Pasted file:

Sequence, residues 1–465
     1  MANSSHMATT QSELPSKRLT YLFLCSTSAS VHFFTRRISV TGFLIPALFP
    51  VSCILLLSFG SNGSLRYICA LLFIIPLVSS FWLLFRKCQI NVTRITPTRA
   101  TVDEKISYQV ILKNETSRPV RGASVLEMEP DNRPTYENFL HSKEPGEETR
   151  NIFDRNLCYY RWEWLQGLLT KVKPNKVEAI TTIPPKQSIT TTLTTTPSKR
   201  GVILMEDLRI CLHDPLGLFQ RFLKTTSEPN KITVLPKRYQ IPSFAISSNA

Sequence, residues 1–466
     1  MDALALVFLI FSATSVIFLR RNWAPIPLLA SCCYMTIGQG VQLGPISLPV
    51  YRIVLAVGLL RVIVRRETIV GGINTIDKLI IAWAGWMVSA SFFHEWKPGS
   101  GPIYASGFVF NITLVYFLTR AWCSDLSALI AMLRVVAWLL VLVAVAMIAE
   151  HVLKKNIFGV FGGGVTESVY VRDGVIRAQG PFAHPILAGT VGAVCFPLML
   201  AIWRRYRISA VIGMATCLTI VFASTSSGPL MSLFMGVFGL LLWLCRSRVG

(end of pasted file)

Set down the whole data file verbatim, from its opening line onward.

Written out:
Sequence, residues 1–465
     1  MANSSHMATT QSELPSKRLT YLFLCSTSAS VHFFTRRISV TGFLIPALFP
    51  VSCILLLSFG SNGSLRYICA LLFIIPLVSS FWLLFRKCQI NVTRITPTRA
   101  TVDEKISYQV ILKNETSRPV RGASVLEMEP DNRPTYENFL HSKEPGEETR
   151  NIFDRNLCYY RWEWLQGLLT KVKPNKVEAI TTIPPKQSIT TTLTTTPSKR
   201  GVILMEDLRI CLHDPLGLFQ RFLKTTSEPN KITVLPKRYQ IPSFAISSNA

Sequence, residues 1–466
     1  MDALALVFLI FSATSVIFLR RNWAPIPLLA SCCYMTIGQG VQLGPISLPV
    51  YRIVLAVGLL RVIVRRETIV GGINTIDKLI IAWAGWMVSA SFFHEWKPGS
   101  GPIYASGFVF NITLVYFLTR AWCSDLSALI AMLRVVAWLL VLVAVAMIAE
   151  HVLKKNIFGV FGGGVTESVY VRDGVIRAQG PFAHPILAGT VGAVCFPLML
   201  AIWRRYRISA VIGMATCLTI VFASTSSGPL MSLFMGVFGL LLWLCRSRVG